According to Harrison, two topics receiving particular attention at district conventions have been ecclesiastical supervision and licensed lay deacons, both of which were brought up at the Milwaukee convention in 2016. Regarding licensed lay deacons (LLDs), he said Synod leaders have held “good discussions” with the board of directors of the Northwest District, where some 225 of the church’s 590 LLDs are based.   

Mueller agreed that “a good beginning” has been made “in seeking to recognize these ministries for what they are” and “continuing the conversation on how best to use” LLDs, noting that the definition of “deacon” varies from district to district. He added that more clarity should come about when LLDs meet a July 1 deadline to decide on their future course as specific-ministry pastors, alternate-route pastors, colloquized pastors, residential students at the seminaries leading to master of divinity degrees, or other options. 

Harrison spoke optimistically about “significant steps” being made to reduce the Synod’s internal borrowing against designated funds (down from $16.2 million in October 2010 to $11.4 million as of April 30) and trimming the historic debt of the Concordia University System (down 40 percent since 2010 — from $22 million to $12 million). “We’re definitely going in the right direction on debt,” he said. 

“On the ecumenical front,” he continued, “we are moving closer to holding formal talks with the Malagasy Lutheran Church in Madagascar,” and that today “more than a dozen overseas churches are applying for membership in the International Lutheran Council,” a body of 36 confessional Lutheran church bodies worldwide including the LCMS.

Finally, Harrison gave thanks for the Rev. Robert M. Zagore, formerly of Trinity Lutheran Church, Traverse City, Mich., upon his accepting the call to serve as executive director of the Office of National Mission. 

‘Synod’s Foundation’

In a guest presentation to the Board, David Fiedler, president of the LCMS Foundation, quoted the Rev. Dr. John Behnken, the Synod’s president at the time of the Foundation’s founding 60 years ago, in saying “the Foundation is the Synod’s organization,” not an organization unto itself.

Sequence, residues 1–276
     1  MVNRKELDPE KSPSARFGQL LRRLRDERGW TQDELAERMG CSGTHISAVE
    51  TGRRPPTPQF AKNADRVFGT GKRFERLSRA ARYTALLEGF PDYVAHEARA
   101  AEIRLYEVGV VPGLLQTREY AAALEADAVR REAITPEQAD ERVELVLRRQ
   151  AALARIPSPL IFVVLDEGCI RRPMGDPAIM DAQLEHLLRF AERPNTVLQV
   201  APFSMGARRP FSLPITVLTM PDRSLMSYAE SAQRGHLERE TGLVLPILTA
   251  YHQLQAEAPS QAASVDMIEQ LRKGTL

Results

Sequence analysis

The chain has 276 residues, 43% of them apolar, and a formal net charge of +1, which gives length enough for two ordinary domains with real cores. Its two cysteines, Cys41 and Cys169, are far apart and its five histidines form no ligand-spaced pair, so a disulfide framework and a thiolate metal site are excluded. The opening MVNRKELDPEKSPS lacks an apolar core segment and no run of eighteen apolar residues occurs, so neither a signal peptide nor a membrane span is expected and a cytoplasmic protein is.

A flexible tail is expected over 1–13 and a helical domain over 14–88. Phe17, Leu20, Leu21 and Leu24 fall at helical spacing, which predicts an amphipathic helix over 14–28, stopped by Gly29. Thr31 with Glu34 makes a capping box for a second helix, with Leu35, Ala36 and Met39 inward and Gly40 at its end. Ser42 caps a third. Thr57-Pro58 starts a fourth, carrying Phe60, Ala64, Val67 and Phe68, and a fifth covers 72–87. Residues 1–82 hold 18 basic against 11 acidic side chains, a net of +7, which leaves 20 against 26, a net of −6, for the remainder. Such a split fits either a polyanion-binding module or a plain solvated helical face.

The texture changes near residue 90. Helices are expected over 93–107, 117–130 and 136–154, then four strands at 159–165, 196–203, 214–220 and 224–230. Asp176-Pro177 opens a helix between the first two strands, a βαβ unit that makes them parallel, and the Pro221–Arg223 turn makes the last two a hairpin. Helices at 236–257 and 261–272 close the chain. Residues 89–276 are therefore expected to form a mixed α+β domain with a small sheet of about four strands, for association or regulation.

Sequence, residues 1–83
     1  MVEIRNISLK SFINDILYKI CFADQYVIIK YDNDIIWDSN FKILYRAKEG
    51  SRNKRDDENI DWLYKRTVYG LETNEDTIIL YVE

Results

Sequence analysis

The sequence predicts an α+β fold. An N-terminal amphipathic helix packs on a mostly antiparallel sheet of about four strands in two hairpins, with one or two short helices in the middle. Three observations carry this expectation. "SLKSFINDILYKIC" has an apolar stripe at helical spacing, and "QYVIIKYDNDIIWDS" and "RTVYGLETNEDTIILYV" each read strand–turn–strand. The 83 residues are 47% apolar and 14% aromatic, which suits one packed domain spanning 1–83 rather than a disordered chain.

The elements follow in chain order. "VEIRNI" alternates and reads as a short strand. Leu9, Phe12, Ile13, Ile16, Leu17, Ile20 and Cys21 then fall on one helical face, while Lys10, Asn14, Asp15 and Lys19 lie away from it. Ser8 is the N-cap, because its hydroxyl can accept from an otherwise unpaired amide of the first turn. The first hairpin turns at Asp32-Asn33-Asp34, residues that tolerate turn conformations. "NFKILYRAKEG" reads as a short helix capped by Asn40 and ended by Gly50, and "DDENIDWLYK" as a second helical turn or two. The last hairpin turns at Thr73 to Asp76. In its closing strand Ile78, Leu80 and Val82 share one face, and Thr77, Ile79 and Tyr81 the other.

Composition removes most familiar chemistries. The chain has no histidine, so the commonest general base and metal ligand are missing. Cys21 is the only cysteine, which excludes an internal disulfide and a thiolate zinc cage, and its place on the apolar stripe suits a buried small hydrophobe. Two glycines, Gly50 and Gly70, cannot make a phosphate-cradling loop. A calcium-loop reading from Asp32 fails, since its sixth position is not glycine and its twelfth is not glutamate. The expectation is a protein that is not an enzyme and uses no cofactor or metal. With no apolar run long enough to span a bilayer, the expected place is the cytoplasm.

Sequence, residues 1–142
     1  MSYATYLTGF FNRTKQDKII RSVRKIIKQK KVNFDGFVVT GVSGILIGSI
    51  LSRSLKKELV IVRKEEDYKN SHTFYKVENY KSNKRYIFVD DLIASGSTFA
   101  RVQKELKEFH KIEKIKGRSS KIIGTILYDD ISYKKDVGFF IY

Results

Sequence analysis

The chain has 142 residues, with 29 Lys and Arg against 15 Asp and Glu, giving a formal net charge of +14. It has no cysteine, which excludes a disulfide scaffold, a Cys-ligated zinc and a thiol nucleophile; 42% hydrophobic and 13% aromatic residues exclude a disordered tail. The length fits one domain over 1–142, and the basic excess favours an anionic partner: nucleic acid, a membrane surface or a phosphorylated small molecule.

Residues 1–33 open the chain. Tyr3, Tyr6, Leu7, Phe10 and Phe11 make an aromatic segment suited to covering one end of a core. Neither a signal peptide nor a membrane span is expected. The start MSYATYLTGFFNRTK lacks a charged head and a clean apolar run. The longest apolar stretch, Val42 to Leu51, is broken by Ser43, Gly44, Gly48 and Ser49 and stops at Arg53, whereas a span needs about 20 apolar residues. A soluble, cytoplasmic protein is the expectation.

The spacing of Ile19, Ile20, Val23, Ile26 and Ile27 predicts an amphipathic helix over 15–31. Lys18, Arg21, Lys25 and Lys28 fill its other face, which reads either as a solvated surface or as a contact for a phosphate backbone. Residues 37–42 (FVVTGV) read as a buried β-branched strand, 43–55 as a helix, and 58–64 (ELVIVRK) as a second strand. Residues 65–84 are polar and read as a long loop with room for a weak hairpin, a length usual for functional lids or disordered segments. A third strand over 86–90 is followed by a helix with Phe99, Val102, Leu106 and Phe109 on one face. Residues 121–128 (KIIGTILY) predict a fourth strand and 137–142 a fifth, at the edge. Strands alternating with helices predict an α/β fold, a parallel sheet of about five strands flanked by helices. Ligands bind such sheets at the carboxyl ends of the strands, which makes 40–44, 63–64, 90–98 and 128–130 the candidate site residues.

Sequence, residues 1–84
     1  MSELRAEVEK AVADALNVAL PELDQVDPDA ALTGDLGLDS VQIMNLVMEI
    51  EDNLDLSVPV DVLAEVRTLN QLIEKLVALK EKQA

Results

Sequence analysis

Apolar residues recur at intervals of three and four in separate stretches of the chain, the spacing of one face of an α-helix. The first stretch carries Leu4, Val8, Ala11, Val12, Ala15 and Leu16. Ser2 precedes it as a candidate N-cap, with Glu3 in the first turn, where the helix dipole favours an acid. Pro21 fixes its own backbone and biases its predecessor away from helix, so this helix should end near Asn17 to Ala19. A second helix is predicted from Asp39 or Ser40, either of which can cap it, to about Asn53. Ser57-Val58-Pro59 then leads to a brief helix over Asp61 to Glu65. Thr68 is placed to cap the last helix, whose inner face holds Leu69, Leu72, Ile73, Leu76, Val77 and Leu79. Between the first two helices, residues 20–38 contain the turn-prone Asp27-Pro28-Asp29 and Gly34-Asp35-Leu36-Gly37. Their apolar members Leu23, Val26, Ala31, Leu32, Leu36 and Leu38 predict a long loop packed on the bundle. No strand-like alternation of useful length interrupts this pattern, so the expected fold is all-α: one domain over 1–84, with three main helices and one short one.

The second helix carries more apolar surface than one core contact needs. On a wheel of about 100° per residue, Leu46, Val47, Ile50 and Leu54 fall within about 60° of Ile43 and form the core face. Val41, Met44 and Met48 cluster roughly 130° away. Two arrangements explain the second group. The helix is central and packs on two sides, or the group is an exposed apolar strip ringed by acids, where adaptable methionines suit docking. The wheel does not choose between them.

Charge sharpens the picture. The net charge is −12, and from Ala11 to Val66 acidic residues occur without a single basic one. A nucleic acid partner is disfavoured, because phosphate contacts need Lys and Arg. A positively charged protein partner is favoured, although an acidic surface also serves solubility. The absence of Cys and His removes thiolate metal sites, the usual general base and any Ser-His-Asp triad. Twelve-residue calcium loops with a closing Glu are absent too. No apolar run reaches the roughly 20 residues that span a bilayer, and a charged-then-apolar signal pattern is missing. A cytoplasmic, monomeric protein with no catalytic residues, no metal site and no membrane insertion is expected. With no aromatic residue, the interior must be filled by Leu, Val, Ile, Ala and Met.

He laid out the mission of the Foundation: providing gift- and estate-planning services to LCMS members and ministries and investment-management expertise when those gifts are received.  

He said that, in FY17, the Foundation distributed $37 million from realized gifts to LCMS congregations, schools, universities and seminaries, and the Synod itself. Looking to the future, he noted that in FY17 alone, LCMS members, assisted by Foundation gift-planning counselors, created estate plans worth $178 million in potential expectancies for Synod ministries.   

The Foundation is in “solid financial condition” Fiedler said, and looks forward to “strengthening its partnerships with LCMS entities and increasing awareness of the organization throughout the Synod.”

In other action, the BOD: 

  • adopted a capital budget of $1.7 million and a 2019 Synod convention budget of $2.2 million;
  • approved St. Louis as the host city of the 2022 convention — contingent on acquiring acceptable pricing for hotels and convention-center services; 
  • accepted a bequest of 310 wooded acres near Cape Girardeau, Mo.; 
  • OK’d requests from Concordia University Chicago and Concordia University Nebraska relating to construction projects and property refurbishment;
  • authorized the creation of a legal entity in Papua New Guinea to facilitate better management of mission work there; and,
  • consented to appoint a director responsible for improved coordination and supervision of the Synod’s international schools in Hong Kong, Shanghai and Hanoi. 

The next meeting of the BOD will be Aug. 24–25 in St. Louis.

Posted June 8, 2018

Source: LCMS News